I think when we started, it was just a social initiative. We had absolutely no business plan, no strategy, no budget as well. But we, again, had that clear vision. So no matter what we did through all the different activities, we knew what our end goal was. That’s always the most important whenever we get started as young changemakers, right? What’s that change you want to see?
For us, these eight years have been a really long journey to achieve that end goal. What was once a social initiative, turned into an established NGO and a nonprofit organization. I turned from 12 years old to 20 years old. There have been a lot of lessons, a lot of changes.
Bye Bye Plastic Bags has become this loving example that kids can do things.
I think one of the proudest achievements from then and now is that actually, Bye Bye Plastic Bags has become this loving example that kids can do things. Today it can be found in 60 locations in over 30 countries all around the world, led by other young people in those local areas. So that’s like I think probably personally one of my proudest achievements is seeing all these other young people starting to take action for the specific goal of a plastic bag free area.
Not long after the establishment, Bye Bye Plastic Bags pushed more agenda towards the public policy sector. What was the consideration that pushed you and Isabel to pursue that direction?
That’s another really interesting question. I think nowadays everyone is finally asking or having these conversations where it’s like “OK, we can’t just put the responsibility on the individuals,” right? We need to have a more systemic change.
For us, all those years ago, it was very clear already that this growing plastic pollution problem felt like it was almost too much to handle. At 10 and 12 years old, we know we can do it from the ground up, but we also know we need it from the top down and we have to meet in the middle in order to get change happening. So that was the simple explanation that we believed in that we knew already then and why we worked so hard on making sure that all levels of the community were involved in reaching the school, which also includes the corporates, the government, the teachers, and the students. It involved everybody. I think that that was our biggest lesson starting very early on.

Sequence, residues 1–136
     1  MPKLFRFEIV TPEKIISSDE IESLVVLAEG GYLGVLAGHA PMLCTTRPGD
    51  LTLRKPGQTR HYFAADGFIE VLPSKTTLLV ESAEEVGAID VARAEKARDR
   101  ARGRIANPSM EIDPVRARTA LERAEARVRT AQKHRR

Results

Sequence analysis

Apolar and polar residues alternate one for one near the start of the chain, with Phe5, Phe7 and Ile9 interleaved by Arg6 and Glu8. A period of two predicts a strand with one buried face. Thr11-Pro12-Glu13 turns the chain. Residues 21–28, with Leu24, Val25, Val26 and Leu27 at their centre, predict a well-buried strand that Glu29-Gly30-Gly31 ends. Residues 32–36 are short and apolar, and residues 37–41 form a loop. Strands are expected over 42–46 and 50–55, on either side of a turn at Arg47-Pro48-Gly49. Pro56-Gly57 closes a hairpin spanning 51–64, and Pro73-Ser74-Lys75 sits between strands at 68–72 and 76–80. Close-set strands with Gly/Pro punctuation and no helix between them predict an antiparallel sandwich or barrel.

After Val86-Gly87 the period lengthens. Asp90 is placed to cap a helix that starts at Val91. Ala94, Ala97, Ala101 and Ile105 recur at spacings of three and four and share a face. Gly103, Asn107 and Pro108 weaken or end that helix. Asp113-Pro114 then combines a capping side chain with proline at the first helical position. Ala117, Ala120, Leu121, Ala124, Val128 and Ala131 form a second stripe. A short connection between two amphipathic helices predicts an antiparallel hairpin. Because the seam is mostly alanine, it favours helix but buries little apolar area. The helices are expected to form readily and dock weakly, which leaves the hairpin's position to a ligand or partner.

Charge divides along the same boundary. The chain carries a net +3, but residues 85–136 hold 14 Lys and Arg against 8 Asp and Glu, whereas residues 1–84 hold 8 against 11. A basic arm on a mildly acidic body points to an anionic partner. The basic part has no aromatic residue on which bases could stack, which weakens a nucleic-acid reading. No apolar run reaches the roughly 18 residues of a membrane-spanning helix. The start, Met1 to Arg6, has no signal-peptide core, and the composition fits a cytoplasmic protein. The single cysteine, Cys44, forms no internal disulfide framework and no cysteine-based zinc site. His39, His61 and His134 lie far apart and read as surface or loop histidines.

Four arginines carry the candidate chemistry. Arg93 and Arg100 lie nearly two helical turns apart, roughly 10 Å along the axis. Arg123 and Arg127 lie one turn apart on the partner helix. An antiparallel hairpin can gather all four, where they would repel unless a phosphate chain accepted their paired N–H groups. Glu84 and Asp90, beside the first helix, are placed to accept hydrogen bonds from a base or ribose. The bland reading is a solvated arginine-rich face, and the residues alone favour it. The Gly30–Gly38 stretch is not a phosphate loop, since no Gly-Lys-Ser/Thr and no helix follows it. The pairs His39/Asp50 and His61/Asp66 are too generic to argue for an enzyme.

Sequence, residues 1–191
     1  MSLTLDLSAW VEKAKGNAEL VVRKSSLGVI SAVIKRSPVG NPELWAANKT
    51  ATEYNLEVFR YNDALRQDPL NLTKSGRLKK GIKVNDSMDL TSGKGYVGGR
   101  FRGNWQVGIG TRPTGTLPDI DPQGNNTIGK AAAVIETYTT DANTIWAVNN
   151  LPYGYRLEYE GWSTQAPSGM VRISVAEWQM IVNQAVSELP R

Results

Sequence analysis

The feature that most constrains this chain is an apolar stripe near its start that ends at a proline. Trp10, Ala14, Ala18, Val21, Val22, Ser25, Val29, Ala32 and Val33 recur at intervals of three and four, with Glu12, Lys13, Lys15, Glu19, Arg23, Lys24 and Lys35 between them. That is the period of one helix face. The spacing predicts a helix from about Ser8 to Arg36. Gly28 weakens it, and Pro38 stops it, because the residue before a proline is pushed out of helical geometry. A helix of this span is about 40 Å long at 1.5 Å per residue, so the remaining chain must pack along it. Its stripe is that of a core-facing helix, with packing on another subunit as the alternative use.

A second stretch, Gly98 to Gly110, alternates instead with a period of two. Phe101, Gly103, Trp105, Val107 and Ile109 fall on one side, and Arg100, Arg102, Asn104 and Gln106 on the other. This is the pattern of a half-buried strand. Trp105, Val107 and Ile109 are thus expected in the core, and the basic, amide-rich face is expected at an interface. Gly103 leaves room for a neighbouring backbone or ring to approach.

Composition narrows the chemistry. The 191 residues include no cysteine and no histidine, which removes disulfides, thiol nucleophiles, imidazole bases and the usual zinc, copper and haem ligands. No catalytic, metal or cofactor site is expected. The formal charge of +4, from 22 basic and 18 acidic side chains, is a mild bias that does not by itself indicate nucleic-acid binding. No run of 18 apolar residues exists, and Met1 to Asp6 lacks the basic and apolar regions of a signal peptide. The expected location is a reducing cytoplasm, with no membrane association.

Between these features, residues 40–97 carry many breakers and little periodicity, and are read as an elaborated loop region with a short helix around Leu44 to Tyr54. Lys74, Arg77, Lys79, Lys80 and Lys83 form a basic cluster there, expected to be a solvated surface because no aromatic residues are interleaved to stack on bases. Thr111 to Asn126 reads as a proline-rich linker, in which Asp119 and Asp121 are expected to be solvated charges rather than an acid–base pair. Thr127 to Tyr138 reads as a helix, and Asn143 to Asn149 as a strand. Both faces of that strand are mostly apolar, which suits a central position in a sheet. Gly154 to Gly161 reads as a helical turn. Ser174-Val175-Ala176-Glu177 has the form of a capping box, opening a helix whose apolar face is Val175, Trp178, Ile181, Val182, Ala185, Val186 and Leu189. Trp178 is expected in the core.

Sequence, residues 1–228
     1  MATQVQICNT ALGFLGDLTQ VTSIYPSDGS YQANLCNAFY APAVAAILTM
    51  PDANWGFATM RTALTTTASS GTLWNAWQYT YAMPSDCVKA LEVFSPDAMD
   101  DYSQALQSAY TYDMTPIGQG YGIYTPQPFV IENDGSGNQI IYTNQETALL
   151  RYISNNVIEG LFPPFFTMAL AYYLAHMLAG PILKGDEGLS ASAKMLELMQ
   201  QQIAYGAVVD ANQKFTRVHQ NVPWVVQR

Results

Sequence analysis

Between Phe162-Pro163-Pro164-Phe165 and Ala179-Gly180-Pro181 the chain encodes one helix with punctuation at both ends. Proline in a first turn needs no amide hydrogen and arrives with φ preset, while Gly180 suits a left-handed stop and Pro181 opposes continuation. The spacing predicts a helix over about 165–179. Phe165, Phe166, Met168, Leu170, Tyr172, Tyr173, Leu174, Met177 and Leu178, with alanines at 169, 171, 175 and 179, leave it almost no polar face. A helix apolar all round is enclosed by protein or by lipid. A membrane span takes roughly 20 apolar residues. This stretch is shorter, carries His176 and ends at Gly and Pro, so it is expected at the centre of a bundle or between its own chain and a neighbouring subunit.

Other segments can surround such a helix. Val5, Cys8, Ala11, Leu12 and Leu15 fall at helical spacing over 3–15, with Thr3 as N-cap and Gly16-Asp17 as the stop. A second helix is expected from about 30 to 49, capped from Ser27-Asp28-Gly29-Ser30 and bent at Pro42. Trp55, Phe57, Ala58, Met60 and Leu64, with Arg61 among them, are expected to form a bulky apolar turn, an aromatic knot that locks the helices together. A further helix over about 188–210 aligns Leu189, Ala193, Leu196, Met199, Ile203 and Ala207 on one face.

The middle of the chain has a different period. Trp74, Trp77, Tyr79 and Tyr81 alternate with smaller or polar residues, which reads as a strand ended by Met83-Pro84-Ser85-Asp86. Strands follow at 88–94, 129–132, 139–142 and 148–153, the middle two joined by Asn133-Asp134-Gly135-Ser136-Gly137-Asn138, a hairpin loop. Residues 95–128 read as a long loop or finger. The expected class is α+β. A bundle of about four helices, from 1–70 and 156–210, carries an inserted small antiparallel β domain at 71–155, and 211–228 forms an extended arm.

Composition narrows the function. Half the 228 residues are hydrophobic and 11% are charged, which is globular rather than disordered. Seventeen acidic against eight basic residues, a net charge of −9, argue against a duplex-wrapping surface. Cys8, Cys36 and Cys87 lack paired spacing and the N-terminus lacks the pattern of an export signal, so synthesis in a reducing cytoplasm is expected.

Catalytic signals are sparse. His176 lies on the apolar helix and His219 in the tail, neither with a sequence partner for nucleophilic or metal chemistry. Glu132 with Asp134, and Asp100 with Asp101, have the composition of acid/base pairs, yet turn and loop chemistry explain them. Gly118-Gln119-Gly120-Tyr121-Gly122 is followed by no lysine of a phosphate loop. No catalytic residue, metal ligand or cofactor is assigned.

At one point we had to choose which Bali we wanted to have. The Bali that remains as the pristine island of gods or let it become the island of garbage.
Nowadays, we see more wins for green activists that went to court against big pollution producers. What is Bye Bye Plastic Bags’ stance in taking activism to court?
All around the world, each team is focusing on how they can also implement those bans on single-use plastic bags with our global team members. In terms of that larger scale court action, that is definitely something we have in mind. However, it’s not with Bye Bye Plastic Bags, but with Youthtopia, our new project. I can’t share too much about it yet, but there’s definitely something in the mix.
In 2019, you established Youthtopia to empower a generation of changemakers. Can you tell us more about this movement and its featured programs?